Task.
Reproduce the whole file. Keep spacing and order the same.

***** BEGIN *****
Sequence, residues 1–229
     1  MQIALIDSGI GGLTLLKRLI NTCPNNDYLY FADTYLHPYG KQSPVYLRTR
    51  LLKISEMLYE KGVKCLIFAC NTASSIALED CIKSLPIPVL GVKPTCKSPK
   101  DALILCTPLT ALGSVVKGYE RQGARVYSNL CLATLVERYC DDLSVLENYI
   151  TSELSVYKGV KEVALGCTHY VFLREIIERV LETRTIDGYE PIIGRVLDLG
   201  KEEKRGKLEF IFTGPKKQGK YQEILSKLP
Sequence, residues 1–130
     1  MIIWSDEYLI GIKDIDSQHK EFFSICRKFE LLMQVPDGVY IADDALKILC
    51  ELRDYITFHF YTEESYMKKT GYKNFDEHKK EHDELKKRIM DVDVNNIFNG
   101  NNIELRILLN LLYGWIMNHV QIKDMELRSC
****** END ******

Sequence, residues 1–229
     1  MQIALIDSGI GGLTLLKRLI NTCPNNDYLY FADTYLHPYG KQSPVYLRTR
    51  LLKISEMLYE KGVKCLIFAC NTASSIALED CIKSLPIPVL GVKPTCKSPK
   101  DALILCTPLT ALGSVVKGYE RQGARVYSNL CLATLVERYC DDLSVLENYI
   151  TSELSVYKGV KEVALGCTHY VFLREIIERV LETRTIDGYE PIIGRVLDLG
   201  KEEKRGKLEF IFTGPKKQGK YQEILSKLP
Sequence, residues 1–130
     1  MIIWSDEYLI GIKDIDSQHK EFFSICRKFE LLMQVPDGVY IADDALKILC
    51  ELRDYITFHF YTEESYMKKT GYKNFDEHKK EHDELKKRIM DVDVNNIFNG
   101  NNIELRILLN LLYGWIMNHV QIKDMELRSC